For years, The Great Courses has taken lifelong learners on stirring explorations of our ancient roots; ones that bring you face to face with what history means, and how we use it to understand both the past and the present. So where's the best place to start? Right here with this eclectic and insightful collection of 36 lectures curated from our most popular ancient history courses.
Guided by some of our most highly rated and award-winning professors - including archaeologists, classicists, military historians, and religion scholars - you'll hopscotch around the world and across time to experience the fascinating variety of what ancient history has to offer.
Because the subject itself spans roughly five millennia, this "best of" collection does all the legwork for you, selecting captivating lectures that offer both introductions to and deep dives into some of the most prominent ancient civilizations, including the ancient Greeks, Romans, and Egyptians. This collection also takes you far afield into the dramatic stories of cultures in Europe, the Middle East, South America, India, China, and other parts of the world.
Listening to some of our brightest academic minds talk about the ancient world, you'll truly understand why we're still captivated by people and events from thousands of years ago, and why they still have much to tell us about where we are. And where we're headed.
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The narrators are professors speaking directly to the listener so their personalities and enthusiasm for the topics really comes through. No dry voice reading in monotone here.
This course is like a greatest hits playlist of topics in ancient history, or an ancient world highlight reel. This isn't the "deep cuts" so it is a good place to start if you like ancient history movies or documentary films. It covers the high points, important points and the popular points. These lectures don't include endless background information or things interesting only to academics. These lectures focus on aspects of the ancient world that are still relevant and interesting to the modern world.
Here's the table of contents:
JOY OF ANCIENT HISTORY LECTURES
1 Lessons of the Peloponnesian War
2 Parthenon and Acropolis
3 Heroes at Thermopylae
4 On Athenian Tragedy
5 The Parable of the Cave
6 Famous Greeks—Solon
7 Aristotle's View of the Natural World
8 The Battles of Megiddo and Kadesh
9 Greco-Roman Views on Death—and Beyond
10 Gaius Julius Caesar
11 Early Germanic Europe
12 Gladiatorial Games
13 Dining in Imperial and Republican Rome
14 The (Mad) Emperor Caligula
15 Being a Rich Roman
16 The Mystery Cults
17 Herodotus’s Account of Egypt
18 The Great Pyramid of Giza
19 Being an Egyptian Worker
20 Cleopatra—The Last Pharaoh
21 What Do the Mayan Glyphs Say?
22 The Amazon—Civilization Lost in the Jungle
23 Chalice of Blood in Ancient Peru
24 Attila the Hun—Scourge of God
25 Mesopotamian Creation Stories
26 The Empire of Hammurabi
27 The Epic of Gilgamesh
28 The Chariot Revolution
29 The Assyrian War Machine
30 The Art and Architecture of Power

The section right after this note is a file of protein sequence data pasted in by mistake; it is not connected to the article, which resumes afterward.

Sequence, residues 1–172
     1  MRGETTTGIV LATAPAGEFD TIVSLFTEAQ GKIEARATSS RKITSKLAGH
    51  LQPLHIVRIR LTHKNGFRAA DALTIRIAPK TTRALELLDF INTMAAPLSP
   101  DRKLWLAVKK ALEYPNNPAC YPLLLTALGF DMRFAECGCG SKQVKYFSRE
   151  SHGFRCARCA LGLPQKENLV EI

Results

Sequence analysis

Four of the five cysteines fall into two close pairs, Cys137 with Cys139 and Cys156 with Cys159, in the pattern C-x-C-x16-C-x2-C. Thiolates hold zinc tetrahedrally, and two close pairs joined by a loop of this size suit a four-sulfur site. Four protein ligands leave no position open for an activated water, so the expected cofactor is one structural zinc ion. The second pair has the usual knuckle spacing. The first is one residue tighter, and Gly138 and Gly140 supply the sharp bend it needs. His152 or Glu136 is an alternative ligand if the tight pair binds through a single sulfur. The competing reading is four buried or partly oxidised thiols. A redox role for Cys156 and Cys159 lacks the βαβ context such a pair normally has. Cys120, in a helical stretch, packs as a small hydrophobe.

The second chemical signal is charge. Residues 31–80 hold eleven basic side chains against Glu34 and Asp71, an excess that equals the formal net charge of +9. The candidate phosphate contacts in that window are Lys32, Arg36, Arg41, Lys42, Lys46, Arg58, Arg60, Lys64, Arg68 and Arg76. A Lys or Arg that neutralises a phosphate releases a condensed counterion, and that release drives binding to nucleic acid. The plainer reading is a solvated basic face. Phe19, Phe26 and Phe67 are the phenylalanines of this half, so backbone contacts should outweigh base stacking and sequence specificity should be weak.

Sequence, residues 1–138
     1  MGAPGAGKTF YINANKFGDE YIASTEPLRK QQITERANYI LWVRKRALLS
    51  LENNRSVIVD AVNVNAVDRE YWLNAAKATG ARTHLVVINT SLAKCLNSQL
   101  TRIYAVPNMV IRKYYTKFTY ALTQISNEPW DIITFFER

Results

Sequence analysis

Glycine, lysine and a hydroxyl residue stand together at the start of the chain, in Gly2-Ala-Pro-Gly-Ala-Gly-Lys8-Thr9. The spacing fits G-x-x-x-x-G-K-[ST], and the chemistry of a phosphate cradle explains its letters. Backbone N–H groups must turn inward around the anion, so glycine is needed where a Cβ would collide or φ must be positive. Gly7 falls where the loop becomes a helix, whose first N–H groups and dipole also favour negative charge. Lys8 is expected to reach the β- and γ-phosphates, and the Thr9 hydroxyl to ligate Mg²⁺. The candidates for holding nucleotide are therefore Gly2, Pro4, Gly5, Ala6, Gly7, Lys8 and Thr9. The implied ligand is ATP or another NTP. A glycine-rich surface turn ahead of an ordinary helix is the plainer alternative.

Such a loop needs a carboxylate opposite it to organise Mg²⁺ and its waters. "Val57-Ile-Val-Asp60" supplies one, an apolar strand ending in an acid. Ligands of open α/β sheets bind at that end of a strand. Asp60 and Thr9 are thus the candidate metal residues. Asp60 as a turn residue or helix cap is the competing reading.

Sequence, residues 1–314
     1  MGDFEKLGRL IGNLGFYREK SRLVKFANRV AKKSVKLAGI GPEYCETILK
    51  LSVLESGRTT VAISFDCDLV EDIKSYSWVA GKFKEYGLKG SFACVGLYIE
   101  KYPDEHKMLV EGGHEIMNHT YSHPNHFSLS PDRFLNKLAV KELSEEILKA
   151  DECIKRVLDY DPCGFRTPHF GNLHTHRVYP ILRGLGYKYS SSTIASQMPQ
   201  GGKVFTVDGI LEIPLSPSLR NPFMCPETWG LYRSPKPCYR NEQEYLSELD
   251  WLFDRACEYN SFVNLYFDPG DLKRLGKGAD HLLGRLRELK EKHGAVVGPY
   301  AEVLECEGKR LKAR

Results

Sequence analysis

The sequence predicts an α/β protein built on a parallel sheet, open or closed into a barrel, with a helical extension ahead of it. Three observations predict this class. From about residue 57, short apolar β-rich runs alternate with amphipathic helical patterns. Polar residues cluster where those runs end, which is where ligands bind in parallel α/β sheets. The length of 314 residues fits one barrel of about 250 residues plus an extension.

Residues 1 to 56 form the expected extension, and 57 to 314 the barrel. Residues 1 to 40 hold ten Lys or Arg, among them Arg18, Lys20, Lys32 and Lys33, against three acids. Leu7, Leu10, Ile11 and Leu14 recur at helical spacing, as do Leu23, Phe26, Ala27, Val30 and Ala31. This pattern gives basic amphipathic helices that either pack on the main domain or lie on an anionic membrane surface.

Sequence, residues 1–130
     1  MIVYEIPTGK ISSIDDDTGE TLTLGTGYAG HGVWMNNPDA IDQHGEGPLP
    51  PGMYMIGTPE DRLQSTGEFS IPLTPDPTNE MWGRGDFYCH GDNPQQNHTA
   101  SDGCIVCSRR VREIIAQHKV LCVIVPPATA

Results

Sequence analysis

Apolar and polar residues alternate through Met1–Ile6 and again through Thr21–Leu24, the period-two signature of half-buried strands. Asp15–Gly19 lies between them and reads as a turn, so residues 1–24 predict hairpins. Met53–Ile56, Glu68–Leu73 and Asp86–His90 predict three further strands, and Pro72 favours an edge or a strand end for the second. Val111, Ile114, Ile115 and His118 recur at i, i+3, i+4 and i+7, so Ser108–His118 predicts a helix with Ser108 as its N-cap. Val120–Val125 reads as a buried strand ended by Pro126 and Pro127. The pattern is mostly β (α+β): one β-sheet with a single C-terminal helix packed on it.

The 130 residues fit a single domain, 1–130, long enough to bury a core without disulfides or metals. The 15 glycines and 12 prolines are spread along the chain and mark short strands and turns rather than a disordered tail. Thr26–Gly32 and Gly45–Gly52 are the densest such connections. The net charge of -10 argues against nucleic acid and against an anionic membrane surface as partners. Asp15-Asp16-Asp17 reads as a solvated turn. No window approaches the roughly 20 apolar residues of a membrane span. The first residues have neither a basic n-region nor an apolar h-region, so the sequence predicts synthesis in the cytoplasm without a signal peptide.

31 Cyrus, Xenophon, and the Ten Thousand
32 Opening the First Dead Sea Scroll
33 Jesus in His Context
34 The Legend of Troy
35 The Qin and the First Emperor of China
36 Alexander Invades India
When I drive, I read... uhm listen. I like SciFi, Fantasy, some Detective and Espionage novels and Religion. Now and then I will also listen to something else.
The 'Joy of Ancient History' is a fruit salad of the best lectures from a vast array of courses on Ancient History by 'The Great Courses.' As an anthology it gives you a taste of everything, without expecting you to finish every fruit. Unfortunately this collection also suffers the shortcomings of anthologies in general. While a tremendous job was done to try and establish cohesion it didn't always work. Listening to the lectures I couldn't help to sometime wish that I could hear a previous lecture just to get into the picture. It spans a vast array of subjects, times and topics. That said, I am grateful for listening to it, because I was introduced to the Terracotta Army, and Prof. J Rufus Ferus' biographical sketches on Julius Caesar (from 'Famous Romans') and Solon (from 'Famous Greeks') made two figures I found boring come alive. Prof. Glen S Holland's lecture on 'Mesopotamian Creation Stories' (from 'Religion in the Ancient Mediterranean World') was very interesting. The lost civilisation of the Amazons introduced by Prof. Edwin Barnhart was absolutely fascinating.
You will have difficulty in not gaining something you never knew from these lectures. 36 of the best lectures by professors of the Great Courses is not something you should just pass by. While I didn't like one or two lectures and I felt it sometimes suffered continuity, I thought the choices was generally excellent, intriguing, gripping and awe-inspiring. A must have for anyone interested in some or other aspect of ancient history.
Learn, understand, then decide whether you accept or reject.
This is a quick overview of ancient history, consisting of various lectures taken from various courses. Some will inevitably be more interesting to you than others. And you'll have to deal with the professor in each lecture referencing something he or she mentioned at a different point of the original course from which the lecture is taken. Once you're done with this, pursue the courses that you think are most interesting.
Good overview of the great courses ancient history offerings.
Let's you sample various lecturers and courses. Most are very good.
Yes, Brief narrative, interesting topics.
Outline of ancient Athens.
- Tough to recall. However, a few have such strong accents the narration suffers.
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